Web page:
Guest Post by Marika Christian
Confessions of a Phone Kitten
By Marika Christian
Write what you know. That’s what everyone says, and I decided that’s exactly what I had to do. When I wrote my book Phone Kitten, I worked on a phone sex line, all in the name of research–and a paycheck. One of the calls that make an appearance in Phone Kitten is an actual call I took–and one of the most interesting men I spoke to was Michael.
If you were to ask me what got Michael’s engine running, I would shrug and say, “I have no idea, but he sure likes Peter Frampton.”
With Michael it was all Frampton, all the time. He worshipped the man. Me? Not so much. I missed out on the Frampton era, and if pressed I could name one single and was vaguely aware of a pretty boy album cover that made me believe he was a teen idol (and not an amazing guitarist.) Michael’s goal was to dispel all my silly Frampton notions. He educated me on all things Peter, and boy was he a talker! It wasn’t unusual for Michael to talk for forty or fifty minutes a time, and while I would roll my eyes, getting “Framptonized” could run up to eighty or a hundred dollars. To that I said, “Yes, please.”
With most of my more “unusual” callers, I made it a game to figure out exactly what happened to make them hot for their particular fantasy. With Michael it was easy. I knew what had happened. Everyone in his life had already told him, “Enough with the Frampton!”
Michael called a lot, so much so I started to look for things to send him off his rails, just to liven things up, because trust me, endless chatter about Mr. Frampton’s utilization of the talk box can be mind-numbingly boring. At first I tried talking dirty, urging him to participate in a little self-recreation. Michael just talked over me. You see, Michael never indulged in, shall we say, “pleasure” while we talked. It really was all about continuing my Frampton Education.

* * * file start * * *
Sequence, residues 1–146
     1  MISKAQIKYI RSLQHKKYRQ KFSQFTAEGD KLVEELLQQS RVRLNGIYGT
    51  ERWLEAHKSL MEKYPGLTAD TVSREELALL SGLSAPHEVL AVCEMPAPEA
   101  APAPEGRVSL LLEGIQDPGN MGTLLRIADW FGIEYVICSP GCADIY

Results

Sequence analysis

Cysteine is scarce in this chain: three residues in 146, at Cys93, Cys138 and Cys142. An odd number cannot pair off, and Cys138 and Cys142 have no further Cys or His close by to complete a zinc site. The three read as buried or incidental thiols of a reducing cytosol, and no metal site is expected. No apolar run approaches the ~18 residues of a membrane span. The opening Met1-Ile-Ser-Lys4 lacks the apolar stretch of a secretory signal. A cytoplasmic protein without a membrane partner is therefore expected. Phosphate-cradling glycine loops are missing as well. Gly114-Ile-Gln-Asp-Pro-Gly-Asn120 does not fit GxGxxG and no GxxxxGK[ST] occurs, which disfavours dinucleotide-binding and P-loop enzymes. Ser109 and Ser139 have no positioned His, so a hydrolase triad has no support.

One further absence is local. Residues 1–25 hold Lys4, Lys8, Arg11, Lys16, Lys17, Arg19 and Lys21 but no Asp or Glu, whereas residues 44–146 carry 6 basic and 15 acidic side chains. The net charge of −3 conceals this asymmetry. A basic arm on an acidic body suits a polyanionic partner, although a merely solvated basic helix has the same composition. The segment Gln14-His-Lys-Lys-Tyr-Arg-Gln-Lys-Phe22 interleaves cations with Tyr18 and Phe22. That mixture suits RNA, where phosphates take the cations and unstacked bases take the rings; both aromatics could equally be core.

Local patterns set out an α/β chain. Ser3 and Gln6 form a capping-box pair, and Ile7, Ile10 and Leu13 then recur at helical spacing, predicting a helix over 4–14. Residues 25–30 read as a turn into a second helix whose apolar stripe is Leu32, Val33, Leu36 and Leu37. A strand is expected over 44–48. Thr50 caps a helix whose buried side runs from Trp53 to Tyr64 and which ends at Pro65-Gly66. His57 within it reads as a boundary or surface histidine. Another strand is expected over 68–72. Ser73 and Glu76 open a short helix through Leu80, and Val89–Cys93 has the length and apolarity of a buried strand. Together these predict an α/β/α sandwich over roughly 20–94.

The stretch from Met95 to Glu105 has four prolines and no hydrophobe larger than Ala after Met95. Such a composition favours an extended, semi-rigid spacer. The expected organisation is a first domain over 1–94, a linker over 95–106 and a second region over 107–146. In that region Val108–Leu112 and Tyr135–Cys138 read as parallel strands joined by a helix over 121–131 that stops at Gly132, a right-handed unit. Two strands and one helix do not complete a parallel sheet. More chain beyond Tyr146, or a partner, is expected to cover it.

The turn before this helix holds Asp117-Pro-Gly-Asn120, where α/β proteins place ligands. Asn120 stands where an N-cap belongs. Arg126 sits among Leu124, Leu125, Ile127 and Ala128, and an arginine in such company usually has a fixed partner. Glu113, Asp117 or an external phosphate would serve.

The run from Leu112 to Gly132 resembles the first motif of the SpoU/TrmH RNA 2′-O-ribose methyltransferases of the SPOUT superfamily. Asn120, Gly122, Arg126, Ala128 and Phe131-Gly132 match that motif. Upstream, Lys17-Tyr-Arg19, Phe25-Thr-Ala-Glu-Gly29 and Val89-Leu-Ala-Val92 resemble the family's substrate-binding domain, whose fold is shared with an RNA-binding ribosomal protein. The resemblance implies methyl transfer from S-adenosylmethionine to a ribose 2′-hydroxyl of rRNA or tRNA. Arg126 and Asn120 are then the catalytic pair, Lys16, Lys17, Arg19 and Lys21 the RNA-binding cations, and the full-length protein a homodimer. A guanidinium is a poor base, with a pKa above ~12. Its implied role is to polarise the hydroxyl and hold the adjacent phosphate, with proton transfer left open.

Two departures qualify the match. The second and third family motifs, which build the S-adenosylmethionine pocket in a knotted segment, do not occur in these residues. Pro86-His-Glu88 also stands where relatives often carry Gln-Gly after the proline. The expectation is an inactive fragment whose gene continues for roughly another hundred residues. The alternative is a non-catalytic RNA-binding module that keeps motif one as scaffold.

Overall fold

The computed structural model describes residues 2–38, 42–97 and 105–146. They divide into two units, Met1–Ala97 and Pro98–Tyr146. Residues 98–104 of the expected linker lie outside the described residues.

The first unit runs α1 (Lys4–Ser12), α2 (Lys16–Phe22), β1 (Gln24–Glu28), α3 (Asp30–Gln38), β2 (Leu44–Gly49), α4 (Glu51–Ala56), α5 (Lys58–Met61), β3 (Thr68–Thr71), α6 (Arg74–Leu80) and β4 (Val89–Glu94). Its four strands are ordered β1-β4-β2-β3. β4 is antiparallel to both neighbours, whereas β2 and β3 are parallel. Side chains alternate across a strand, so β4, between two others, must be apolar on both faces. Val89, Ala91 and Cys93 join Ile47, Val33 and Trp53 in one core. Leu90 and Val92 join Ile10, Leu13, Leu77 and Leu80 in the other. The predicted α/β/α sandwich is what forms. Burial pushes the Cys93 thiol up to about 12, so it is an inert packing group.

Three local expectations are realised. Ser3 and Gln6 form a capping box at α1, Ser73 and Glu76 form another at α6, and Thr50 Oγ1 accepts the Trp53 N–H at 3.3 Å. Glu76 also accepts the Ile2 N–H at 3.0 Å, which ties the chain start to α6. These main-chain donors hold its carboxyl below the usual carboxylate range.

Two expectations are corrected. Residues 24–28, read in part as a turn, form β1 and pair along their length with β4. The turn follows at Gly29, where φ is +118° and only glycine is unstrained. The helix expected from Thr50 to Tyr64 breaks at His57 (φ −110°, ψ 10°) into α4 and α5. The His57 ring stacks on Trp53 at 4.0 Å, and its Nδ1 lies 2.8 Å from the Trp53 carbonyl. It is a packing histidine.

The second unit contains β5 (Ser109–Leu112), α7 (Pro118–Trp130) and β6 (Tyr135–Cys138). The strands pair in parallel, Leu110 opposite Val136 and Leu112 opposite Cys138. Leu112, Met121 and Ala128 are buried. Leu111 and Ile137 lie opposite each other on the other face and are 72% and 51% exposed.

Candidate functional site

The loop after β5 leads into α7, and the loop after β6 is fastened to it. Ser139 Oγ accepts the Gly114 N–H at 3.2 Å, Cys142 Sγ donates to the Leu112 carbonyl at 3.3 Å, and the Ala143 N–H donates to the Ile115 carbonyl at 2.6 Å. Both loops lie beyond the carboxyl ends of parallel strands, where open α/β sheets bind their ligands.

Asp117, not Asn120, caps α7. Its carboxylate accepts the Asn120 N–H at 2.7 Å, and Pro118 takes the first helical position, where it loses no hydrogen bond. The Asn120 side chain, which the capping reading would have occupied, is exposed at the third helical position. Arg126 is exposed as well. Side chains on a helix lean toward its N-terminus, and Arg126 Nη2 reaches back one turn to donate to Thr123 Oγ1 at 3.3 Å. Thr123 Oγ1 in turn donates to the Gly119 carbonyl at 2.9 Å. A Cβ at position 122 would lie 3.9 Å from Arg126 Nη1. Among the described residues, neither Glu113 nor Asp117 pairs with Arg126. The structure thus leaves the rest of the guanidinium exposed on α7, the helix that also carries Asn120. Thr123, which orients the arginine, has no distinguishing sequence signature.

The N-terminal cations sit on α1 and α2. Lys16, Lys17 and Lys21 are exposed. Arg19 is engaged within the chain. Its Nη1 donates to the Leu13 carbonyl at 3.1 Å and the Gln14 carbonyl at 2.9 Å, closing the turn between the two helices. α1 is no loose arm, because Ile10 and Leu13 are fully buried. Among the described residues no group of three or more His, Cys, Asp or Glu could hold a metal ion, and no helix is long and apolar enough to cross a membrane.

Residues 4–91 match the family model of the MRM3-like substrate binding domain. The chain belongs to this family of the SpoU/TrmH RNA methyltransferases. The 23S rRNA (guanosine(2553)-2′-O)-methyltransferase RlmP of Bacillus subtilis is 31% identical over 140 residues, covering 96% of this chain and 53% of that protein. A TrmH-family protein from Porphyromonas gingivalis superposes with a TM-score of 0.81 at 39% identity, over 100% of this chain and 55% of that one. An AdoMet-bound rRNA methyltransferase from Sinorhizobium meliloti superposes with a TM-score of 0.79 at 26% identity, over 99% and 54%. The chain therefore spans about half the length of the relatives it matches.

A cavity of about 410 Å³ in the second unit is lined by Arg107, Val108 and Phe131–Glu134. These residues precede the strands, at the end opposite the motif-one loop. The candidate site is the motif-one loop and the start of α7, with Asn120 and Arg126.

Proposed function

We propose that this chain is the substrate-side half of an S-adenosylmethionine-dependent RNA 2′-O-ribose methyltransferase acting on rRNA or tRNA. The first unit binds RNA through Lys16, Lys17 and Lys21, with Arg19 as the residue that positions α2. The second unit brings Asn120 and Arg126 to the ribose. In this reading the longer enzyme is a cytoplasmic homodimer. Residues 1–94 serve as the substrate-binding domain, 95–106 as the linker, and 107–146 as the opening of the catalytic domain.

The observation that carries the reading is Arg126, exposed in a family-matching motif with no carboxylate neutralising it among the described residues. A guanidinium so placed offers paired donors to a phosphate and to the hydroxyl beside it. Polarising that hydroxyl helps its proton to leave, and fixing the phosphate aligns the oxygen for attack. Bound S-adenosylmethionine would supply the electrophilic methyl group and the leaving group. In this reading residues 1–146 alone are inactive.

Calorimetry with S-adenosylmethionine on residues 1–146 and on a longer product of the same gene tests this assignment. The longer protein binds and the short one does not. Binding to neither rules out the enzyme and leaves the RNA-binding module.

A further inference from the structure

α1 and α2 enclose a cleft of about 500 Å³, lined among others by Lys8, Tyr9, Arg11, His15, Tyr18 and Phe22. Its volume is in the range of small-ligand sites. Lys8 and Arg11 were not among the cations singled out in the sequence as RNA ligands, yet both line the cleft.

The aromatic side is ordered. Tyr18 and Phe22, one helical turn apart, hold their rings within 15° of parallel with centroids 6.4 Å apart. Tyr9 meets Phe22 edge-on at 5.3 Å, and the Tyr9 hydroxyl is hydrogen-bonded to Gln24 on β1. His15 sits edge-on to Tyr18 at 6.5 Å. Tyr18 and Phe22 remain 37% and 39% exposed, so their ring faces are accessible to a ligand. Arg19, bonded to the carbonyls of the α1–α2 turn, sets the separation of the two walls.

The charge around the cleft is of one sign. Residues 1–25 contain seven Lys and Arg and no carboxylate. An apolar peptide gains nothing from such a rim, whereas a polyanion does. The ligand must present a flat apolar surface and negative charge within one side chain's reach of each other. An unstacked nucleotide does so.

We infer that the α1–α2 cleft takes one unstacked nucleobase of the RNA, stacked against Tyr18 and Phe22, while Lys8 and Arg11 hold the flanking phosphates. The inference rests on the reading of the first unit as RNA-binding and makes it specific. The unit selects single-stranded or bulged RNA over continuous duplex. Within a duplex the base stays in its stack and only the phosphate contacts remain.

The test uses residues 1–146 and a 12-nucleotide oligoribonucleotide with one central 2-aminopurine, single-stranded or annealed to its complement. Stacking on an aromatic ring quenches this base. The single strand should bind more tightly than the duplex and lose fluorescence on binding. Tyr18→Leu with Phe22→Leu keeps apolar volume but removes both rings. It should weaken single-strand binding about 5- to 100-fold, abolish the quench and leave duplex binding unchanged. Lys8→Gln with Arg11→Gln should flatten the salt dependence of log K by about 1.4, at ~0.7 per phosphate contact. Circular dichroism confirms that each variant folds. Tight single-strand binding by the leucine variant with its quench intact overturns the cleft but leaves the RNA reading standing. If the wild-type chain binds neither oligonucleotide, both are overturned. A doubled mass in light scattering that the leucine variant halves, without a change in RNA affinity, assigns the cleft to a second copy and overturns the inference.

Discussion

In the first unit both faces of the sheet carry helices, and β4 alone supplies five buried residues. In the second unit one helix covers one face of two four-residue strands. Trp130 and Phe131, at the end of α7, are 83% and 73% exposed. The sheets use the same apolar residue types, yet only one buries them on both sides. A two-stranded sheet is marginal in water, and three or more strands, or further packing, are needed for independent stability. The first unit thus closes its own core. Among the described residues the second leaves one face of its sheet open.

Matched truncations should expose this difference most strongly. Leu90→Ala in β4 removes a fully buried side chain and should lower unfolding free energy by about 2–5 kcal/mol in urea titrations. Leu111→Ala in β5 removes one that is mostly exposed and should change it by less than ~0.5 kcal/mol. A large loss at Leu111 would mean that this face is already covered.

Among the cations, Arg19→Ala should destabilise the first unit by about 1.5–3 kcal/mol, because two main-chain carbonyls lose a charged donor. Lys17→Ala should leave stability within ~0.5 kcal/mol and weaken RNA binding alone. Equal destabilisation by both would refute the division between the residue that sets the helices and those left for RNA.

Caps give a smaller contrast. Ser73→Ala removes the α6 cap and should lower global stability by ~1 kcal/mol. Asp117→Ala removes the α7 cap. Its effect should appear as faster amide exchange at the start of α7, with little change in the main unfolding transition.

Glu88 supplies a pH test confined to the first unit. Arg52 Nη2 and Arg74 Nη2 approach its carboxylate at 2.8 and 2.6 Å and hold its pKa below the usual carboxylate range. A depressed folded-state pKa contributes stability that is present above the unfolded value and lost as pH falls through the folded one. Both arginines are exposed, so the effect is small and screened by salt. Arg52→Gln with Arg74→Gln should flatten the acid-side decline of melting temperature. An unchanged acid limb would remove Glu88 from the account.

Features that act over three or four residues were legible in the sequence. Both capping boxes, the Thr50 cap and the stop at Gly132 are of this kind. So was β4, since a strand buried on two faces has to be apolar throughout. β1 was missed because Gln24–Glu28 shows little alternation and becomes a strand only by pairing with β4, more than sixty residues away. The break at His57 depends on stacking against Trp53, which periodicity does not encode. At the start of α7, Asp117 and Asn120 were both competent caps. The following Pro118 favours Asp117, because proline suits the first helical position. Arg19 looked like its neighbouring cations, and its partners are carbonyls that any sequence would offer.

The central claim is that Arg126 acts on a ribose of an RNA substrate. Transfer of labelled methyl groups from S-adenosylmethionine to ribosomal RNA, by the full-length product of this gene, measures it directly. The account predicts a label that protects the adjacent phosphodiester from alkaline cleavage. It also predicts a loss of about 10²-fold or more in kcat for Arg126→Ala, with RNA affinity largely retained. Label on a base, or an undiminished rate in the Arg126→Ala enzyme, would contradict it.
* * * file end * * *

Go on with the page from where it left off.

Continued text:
I did a little research. I told Michael I googled Peter Frampton and I thought he looked like Leif Garrett. He went through the roof and did his best to explain why that was not the case. I remained unconvinced. I confused his songs with David Cassidy songs, guaranteeing a conversation on why Frampton was no bubblegum boy; Frampton was a rocker!
Finally, the opportunity of a lifetime: Frampton was going to be playing in my town! It was an outside concert venue in the middle of town, so I could grab a soda and sandwich at a café, dine al fresco, and listen to Peter do his thing, and that’s just what I did.
My next conversation was about Frampton’s music and was he ever delighted I went, although I had to mention that he was a little prune-ish.
As with all phone “friendships,” Michael eventually stopped calling. I like to think that he met a nice girl, settled down, and at night the two of them slow dance to “Baby, I love your way . . .”
As for me, should I ever appear on Jeopardy, “I’ll take Frampton for five hundred, Alex!”